A Boricua Scientist Educator: From Carolina, Puerto Rico to North Carolina

Oct. 8, 2020

While you may only see people through one lens, often people carry multiple identities that shape who they are. Dr. Verónica A. Segarra is a Hispanic/Latina scientist, artist, professor and science outreach enthusiast.

In honor of Hispanic Heritage Month, ASM interviewed Segarra, an Assistant Professor and Interim Chair of Biology at High Point University, a liberal arts college in North Carolina. In addition to her responsibilities as a professor, she enjoys science outreach activities that help undergraduate students connect with their community while putting their scientific training into practice. She also volunteers her time to support diversity, equity and inclusion initiatives dedicated to STEM trainees.

Segarra celebrates her Hispanic culture and where she comes from every day, by bringing her authentic self into all that she does. Hispanic Heritage Month serves as an opportunity for her to add a level of intentionality to celebrating her heritage. The reminder of extraordinary accomplishments by members of the Hispanic community throughout the month inspires Segarra to bring out the best version of herself by connecting with her history. In Segarra’s interview with ASM, she discusses her background, reflects on her career and provides advice for future students pursuing STEM professions.

Please tell us about your upbringing.

I was born and raised in Puerto Rico. I spent most of my childhood in the municipality of Carolina and grew up in a family that includes many strong, independent women. While I am the first in my family to become a scientist, many of my family members have a love of learning and a talent for teaching. I brought those traits to my work as a faculty member at a primarily undergraduate institution (PUI) in North Carolina. The fact that my life journey has taken me from Carolina, Puerto Rico to North Carolina makes me smile every time.

Why did you decide to pursue a career in STEM?

I had an inspiring science teacher in elementary school and since then, I wanted to be a scientist. I never doubted I would become one, even when the going got tough, as it often does when you are doing something worthwhile.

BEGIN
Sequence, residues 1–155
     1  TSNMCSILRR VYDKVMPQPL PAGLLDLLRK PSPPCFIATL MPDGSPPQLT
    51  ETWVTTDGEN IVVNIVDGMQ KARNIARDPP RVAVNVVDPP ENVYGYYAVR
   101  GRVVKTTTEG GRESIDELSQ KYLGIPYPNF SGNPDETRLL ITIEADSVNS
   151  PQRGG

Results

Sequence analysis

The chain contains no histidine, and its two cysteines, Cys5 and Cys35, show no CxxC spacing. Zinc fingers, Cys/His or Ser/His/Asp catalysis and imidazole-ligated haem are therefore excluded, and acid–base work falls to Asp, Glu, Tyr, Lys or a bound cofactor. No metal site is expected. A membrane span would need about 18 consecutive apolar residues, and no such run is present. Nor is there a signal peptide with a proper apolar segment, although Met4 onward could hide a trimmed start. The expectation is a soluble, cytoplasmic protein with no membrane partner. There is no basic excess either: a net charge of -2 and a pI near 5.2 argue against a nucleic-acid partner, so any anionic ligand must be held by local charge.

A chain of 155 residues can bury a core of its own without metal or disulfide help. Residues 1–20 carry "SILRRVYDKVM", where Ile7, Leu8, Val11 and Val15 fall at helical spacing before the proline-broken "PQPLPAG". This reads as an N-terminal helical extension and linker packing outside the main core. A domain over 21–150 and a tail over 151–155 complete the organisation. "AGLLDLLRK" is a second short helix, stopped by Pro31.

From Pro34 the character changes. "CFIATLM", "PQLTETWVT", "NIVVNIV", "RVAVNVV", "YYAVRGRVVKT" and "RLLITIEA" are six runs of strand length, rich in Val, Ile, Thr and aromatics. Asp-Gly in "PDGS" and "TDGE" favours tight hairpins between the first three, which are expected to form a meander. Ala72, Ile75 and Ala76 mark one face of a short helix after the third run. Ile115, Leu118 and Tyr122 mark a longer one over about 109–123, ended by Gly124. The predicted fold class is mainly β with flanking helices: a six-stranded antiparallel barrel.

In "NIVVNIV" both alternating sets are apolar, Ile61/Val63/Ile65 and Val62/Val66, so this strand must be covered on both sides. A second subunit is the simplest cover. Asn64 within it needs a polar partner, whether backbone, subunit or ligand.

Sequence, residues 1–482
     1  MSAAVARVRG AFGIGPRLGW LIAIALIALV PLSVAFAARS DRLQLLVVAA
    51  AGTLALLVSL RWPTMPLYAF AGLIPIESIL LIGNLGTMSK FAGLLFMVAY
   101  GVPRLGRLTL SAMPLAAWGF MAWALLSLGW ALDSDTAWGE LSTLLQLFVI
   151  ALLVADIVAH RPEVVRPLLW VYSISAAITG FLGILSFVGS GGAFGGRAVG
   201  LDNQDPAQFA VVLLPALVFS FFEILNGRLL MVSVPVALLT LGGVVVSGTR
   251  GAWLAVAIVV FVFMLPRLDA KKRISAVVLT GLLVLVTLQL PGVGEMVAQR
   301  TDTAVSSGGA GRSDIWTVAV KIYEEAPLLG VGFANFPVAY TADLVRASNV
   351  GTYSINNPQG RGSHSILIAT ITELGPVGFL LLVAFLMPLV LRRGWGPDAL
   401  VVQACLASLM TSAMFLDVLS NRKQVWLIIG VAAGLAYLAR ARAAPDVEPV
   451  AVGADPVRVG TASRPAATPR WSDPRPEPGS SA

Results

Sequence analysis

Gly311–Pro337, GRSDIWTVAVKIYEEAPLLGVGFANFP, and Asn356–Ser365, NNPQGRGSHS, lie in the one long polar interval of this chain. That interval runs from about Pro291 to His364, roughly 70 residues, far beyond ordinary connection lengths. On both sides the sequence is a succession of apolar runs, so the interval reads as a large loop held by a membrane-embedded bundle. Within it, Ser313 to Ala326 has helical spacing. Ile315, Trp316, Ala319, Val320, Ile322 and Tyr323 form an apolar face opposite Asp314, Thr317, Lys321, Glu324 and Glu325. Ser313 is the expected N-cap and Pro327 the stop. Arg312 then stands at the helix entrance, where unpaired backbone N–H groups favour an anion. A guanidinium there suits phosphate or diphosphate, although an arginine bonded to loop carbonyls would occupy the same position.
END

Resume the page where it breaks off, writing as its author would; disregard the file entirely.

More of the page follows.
How has your Hispanic culture influenced your career?

While I think of myself professionally as a scientist and educator, my approach to these roles is heavily influenced by my other identities as a daughter, sister, wife, niece, cousin and friend. I am a composite of values and talents that I learned from other people and from a larger Latin American community who helped me develop into the person I am today.

What challenges have you experienced while pursuing your career?

Being a scientist, I have learned to turn challenges into opportunities for learning, just like I am able to turn an unexpected result at the bench into a new line of research. In this way, facing challenges presents you with opportunities to create alternative pathways to success. For example, there were times when my professional career interests evolved to be different from those of my scientific advisors. I needed to pioneer those interests by myself, going into areas that were so new to me that I had to blaze my own trail.

What traits and characteristics lend well to becoming a successful scientist?

In my opinion, all successful scientists have a few things in common, including a love of science and a desire to make discoveries. Our scientific communities are only strong if they are diverse and are inclusive of people with a variety of traits and characteristics. We need all types and kinds of people to be members of our scientific communities!

What advice would you give to young scientists pursuing a career in STEM?

My advice to young scientists is to do STEM in a way that is authentic to who you are as an individual. Sometimes, what this means is to do work that you absolutely love so that you can create a unique niche that speaks to your passions and values. I have had the privilege to mentor many undergraduate scientists and have watched each of them create a unique professional trajectory that was completely different from one another. I have been so inspired by them!

Author: Shaundra Holmes

Shaundra Holmes
Shaundra Holmes is a Program Coordinator at ASM.